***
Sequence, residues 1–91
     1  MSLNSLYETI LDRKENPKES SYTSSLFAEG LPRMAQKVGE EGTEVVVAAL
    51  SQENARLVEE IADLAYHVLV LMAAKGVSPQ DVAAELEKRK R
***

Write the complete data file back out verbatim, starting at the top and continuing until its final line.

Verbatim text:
Sequence, residues 1–91
     1  MSLNSLYETI LDRKENPKES SYTSSLFAEG LPRMAQKVGE EGTEVVVAAL
    51  SQENARLVEE IADLAYHVLV LMAAKGVSPQ DVAAELEKRK R